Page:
Field Measurements

The BAW conducts extensive field measurements on inland waterways and coastal seaways. These form an indispensable element of hydraulic system analyses and are used to:

  • evaluate and ensure the predictive power of the mathematical procedures used by the BAW,
  • to deepen the understanding of the physical processes taking place in the body of water and thereby to optimise and further develop methods and computational approaches,
  • to examine complex ship/waterway interactions, both in terms of ship dynamics and impacts on hydraulic structures and banks..

Many of the issues addressed by the BAW concern the future (projected) impact of hydraulic engineering measures. Predictions of the future impact of work undertaken cannot be made on the basis of field measurements. For this purpose the BAW uses powerful mathematical methods. The results of field measurements are, however, indispensable for describing the current status of and understanding the physical processes occurring in a body of water. They are therefore used directly in the ongoing development and optimisation of mathematical methods. The results of studies undertaken using mathematical methods are only accepted for professional and legal planning purposes if they are validated and backed up by verifiable field measurements.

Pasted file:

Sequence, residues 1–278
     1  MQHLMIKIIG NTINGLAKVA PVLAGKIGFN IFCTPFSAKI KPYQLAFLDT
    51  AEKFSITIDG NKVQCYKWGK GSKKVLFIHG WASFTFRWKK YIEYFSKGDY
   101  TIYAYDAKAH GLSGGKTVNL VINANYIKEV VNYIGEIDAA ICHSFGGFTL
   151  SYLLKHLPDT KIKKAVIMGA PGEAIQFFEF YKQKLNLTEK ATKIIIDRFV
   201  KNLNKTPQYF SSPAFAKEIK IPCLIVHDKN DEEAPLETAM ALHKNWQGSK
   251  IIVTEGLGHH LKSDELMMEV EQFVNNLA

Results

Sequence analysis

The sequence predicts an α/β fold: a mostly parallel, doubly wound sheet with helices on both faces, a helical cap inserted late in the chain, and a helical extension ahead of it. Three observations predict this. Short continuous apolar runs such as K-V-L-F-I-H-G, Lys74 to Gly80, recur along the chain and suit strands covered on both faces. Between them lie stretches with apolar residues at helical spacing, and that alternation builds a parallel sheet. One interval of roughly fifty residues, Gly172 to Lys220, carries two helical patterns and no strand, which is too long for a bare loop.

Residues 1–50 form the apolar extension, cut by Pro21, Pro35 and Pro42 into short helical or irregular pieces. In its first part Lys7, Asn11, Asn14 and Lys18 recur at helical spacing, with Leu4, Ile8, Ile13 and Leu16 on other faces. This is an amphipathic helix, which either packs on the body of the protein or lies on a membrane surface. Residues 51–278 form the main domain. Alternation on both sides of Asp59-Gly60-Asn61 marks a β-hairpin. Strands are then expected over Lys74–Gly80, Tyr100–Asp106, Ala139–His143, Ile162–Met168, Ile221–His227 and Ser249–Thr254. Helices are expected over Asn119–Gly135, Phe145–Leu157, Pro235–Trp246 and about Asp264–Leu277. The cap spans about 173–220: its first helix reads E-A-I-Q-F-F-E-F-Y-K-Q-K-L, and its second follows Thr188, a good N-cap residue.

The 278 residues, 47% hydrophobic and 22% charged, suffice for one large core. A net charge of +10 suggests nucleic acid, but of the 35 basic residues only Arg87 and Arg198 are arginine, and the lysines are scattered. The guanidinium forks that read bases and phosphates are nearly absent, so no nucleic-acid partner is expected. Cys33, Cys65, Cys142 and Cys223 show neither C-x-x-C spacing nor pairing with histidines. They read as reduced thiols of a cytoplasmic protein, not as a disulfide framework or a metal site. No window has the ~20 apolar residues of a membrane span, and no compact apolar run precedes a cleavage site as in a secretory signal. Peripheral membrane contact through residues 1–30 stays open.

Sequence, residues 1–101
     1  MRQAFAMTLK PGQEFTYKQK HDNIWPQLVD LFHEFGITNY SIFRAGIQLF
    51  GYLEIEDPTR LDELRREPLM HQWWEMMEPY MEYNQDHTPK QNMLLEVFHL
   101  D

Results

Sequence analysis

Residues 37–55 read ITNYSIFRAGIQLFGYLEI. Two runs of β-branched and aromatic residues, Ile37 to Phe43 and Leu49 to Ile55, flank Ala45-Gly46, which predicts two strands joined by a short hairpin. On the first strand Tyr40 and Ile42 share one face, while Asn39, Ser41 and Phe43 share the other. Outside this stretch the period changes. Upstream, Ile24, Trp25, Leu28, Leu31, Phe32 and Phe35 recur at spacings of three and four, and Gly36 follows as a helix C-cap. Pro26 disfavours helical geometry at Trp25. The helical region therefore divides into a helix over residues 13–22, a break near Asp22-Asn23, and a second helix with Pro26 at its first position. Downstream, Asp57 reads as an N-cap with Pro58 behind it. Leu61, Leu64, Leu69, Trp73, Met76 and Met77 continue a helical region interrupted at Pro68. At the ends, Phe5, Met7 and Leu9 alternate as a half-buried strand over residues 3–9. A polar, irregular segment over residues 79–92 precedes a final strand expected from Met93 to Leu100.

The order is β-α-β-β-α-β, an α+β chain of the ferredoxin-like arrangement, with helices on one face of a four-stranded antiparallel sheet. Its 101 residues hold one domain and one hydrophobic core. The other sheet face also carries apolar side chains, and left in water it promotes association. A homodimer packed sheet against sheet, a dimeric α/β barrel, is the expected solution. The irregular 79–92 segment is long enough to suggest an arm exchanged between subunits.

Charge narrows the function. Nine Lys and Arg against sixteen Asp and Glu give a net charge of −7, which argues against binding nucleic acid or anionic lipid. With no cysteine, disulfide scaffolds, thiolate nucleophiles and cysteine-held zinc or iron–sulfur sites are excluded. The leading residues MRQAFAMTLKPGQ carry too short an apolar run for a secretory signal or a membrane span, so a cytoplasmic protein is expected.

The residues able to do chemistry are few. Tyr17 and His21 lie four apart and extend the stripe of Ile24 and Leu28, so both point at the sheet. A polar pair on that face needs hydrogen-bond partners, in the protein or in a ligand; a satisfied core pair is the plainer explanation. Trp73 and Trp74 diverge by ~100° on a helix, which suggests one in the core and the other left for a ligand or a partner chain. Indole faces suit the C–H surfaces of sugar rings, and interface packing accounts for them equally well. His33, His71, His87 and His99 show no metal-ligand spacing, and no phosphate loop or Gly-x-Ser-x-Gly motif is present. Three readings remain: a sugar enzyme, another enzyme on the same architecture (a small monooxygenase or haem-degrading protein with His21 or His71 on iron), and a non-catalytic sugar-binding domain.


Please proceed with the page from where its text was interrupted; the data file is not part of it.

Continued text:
In many cases, field measurements provide independent input into professional valuations of hydraulic engineering issues and in the context of research activities. There are still very large gaps in our knowledge when it comes to recording and describing morphological processes and the dynamics of suspended particles in flowing water, for example. This is where field measurements undertaken as part of R&D projects can make an important contribution to understanding cause-effect relationships. In collaboration with universities and research institutions, for example, the BAW is studying the interaction between waterway beds and water bodies, the behaviour of suspended particles in water columns and the dynamics of bed forms.

EAnother area on which studies focus is the complex interactions between ships and waterways. Measurements of the navigational dynamics of ships provide important input data for the dimensioning of fairways and for ship handling simulations. Hydraulic actions on banks and structures, e.g. as a result of ship waves, propulsion, current and sea conditions, are determined by taking field measurements on waterways. Findings are integrated in the design of hydraulic structures and in strategies for the maintenance of waterways..

Hydraulic Engineering Methods